See HERE for Part 1. The present article's publication is timed to coincide with the 10th anniversary (tomorrow) of the death of Tony Cliff, founding member of the International Socialists.
In 1964 Harold Wilson led Labour back into government, after 13 years of Tory rule. Around this time the small International Socialists (IS) organisation, with around 200 members, abandoned working in Labour Party's Young Socialists, which had in any case only ever been a temporary tactical orientation.
Having grown from just 60 members a few years earlier, IS was a young group in both senses: still a fairly new organisation, at least for most members, young recruits comprised a high proportion of members. It was during 1960-64 that Paul Foot and Chris Harman had both joined IS, as did Ian Birchall whose history of IS provides valuable material (as does Tony Cliff's memoir, A World to Win). They were part of a generation of recruits who went on to build an organisation that by the end of 1968 would have 1000 members and a weekly newspaper (the weekly Socialist Worker was launched in September 1968).
A crucial feature of the mid-1960s for IS was an increased orientation on the workplaces. Shop stewards organisation in the trade unions was strong at this time: rank and file militancy often won concessions from employers, without the union bureaucracy having much of a role. IS sought to relate its politics to these grassroots workplace militants. There were successes and failures in this, but there were enough successes to help IS increase its membership to over 400 by the start of 1968.
The most important single initative here was a pamphlet called 'Incomes policy, legislation and shop stewards', written by IS members Tony Cliff and Colin Barker. Despite IS only numbering in the hundreds, an estimated 10,000 copies were sold. Shop stewards themselves constituted a high proportion of those buying and reading this pamphlet, which articulated a distinctively socialist analysis of current government polices and advocated resistance through the power of organised workers.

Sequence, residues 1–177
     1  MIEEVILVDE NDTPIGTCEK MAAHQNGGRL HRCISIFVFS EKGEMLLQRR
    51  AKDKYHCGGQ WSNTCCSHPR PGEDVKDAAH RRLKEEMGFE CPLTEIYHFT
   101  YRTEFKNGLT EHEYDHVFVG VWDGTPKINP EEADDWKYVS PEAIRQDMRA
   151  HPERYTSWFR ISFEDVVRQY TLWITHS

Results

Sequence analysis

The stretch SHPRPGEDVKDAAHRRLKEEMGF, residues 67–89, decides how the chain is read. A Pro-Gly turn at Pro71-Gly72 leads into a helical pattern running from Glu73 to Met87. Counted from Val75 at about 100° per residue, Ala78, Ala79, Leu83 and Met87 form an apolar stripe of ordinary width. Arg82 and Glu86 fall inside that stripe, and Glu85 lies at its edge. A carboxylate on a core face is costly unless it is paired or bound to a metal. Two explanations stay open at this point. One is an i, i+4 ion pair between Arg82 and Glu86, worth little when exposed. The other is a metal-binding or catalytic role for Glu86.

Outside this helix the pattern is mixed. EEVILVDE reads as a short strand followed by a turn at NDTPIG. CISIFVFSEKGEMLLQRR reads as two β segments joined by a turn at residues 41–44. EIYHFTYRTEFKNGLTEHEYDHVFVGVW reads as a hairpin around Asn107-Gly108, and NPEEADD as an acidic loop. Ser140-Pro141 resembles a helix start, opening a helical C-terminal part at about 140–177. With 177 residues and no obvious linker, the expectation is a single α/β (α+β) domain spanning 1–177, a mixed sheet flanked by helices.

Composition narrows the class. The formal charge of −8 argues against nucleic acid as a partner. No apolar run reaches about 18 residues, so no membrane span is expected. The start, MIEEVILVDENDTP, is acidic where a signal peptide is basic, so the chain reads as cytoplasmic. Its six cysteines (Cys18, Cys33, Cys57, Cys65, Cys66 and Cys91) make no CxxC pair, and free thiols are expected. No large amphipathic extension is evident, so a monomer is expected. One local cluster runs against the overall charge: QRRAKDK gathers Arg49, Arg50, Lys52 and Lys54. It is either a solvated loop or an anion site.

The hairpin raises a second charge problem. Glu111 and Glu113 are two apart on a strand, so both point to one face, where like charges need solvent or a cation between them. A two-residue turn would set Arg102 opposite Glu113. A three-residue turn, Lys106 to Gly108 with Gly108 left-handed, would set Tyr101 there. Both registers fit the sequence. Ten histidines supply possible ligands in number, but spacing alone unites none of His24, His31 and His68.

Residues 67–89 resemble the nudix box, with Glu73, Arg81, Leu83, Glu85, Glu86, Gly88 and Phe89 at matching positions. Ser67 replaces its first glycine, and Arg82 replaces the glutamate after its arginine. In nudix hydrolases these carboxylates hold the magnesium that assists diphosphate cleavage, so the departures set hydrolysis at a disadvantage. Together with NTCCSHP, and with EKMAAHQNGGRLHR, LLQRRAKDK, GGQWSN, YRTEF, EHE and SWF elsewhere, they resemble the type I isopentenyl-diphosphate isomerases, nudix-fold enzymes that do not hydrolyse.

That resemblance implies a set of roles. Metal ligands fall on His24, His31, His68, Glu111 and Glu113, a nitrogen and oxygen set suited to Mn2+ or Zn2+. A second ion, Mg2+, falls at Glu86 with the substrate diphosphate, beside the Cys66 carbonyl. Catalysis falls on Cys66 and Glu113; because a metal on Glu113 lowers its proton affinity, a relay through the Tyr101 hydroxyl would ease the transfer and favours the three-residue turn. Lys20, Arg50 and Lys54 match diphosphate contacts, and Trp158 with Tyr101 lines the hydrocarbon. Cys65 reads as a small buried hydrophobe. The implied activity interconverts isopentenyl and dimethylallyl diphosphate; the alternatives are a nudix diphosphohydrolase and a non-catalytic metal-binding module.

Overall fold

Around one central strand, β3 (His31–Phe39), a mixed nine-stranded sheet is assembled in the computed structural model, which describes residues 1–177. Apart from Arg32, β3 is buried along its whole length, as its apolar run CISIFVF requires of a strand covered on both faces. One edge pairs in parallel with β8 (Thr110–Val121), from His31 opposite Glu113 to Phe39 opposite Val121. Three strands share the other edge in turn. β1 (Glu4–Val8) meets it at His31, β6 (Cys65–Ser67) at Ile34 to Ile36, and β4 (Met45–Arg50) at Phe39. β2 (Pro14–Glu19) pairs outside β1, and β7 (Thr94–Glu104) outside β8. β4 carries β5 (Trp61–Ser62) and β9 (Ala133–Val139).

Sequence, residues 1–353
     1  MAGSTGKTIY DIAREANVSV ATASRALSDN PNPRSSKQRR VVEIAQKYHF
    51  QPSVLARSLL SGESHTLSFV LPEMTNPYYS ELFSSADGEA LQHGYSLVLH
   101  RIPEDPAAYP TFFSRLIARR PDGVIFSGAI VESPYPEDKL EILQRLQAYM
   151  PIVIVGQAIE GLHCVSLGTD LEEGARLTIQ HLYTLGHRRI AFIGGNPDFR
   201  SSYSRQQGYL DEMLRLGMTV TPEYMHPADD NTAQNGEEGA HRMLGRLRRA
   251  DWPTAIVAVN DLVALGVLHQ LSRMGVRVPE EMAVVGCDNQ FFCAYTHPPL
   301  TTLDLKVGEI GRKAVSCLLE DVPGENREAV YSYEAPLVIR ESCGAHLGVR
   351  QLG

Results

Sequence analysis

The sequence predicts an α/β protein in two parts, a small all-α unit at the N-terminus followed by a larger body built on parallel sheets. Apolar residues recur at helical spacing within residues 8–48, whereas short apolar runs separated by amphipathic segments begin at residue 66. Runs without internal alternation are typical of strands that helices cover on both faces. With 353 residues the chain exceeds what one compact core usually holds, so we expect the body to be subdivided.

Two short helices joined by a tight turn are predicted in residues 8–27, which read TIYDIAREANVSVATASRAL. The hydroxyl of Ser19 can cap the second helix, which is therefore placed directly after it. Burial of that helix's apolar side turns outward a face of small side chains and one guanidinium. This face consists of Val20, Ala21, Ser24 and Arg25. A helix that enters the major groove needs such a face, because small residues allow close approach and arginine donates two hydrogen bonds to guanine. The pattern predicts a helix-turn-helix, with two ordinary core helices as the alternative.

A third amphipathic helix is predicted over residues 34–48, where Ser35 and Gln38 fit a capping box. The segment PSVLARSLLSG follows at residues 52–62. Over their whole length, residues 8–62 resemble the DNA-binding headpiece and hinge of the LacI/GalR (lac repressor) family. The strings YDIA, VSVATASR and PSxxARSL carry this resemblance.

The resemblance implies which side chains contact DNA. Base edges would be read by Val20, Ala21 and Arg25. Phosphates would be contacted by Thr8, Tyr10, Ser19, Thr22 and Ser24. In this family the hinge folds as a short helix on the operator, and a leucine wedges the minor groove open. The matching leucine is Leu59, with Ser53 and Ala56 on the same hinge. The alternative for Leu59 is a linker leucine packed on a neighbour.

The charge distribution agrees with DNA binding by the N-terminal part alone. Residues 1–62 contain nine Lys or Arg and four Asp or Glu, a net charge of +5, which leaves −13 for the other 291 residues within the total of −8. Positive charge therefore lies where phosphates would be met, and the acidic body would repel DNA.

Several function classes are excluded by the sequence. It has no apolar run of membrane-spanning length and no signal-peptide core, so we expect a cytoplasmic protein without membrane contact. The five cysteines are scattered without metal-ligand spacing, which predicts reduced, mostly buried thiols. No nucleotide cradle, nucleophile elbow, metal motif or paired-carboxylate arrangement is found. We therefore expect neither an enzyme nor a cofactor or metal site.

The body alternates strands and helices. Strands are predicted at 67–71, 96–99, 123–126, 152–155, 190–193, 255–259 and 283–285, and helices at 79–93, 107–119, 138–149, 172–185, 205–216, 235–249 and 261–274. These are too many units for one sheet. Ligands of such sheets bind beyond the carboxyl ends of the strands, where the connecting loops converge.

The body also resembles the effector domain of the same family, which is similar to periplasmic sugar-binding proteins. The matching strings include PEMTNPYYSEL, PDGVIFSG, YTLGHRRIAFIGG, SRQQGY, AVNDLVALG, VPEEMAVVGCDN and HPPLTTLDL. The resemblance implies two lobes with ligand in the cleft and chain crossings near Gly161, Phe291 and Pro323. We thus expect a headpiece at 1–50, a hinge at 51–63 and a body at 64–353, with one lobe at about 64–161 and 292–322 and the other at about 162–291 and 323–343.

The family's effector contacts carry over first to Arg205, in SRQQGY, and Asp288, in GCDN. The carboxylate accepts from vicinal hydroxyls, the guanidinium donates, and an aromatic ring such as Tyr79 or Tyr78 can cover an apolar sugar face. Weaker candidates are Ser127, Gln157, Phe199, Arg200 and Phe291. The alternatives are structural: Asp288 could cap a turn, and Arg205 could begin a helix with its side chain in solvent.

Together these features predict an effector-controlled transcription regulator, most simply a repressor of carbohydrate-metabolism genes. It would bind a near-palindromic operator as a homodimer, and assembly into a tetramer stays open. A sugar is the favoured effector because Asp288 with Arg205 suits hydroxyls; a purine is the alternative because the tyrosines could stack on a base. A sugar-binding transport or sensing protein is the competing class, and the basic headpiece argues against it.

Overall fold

The pamphlet was more than just a recruiting tool - it was evidently very useful in winning respect for IS from a layer of left-wing workplace reps. It helped give the organisation, which had few members in union positions, a sharper orientation on the rank and file of the trade union movement. Birchall recalls: 'The Incomes Policy book was an important step forward for IS. It was sold systematically by a process of visiting any discoverable contact in the labour movement. It was widely read and appreciated by militants and enabled IS to be recognised as part of a real movement, rather than as a group of talented but isolated theoreticians.'
The IS newspaper Labour Worker reflected the group's orientation, as indicated by the title, and served as an agitational tool. There was some success in involving workers in writing for the paper, which had a circulation of about 2000 in the middle of the decade (remarkably impressive for an organisation of that size). Together with the Incomes Policy pamphlet, the paper was clearly crucial in applying IS politics concretely and enabling a modest group to reach a much wider audience.
The more theoretical publication, International Socialism, played a central part in giving IS distinctive theoretical and political positions. Its theoretical edge was an important part of why socialists didn't just join IS but became actively involved and remained members in the long term. Birchall writes: 'By the end of 1967 the membership had increased slowly but significantly over 400 as against 200-odd when Labour came to power. More important, it was a membership geared, not simply to arguing the line, but. to making interventions, albeit usually very low-level, ones, and to servicing the ongoing struggle. Without the base, and even more importantly, the orientation established in this period, the break-through of 1968 could not have taken place.'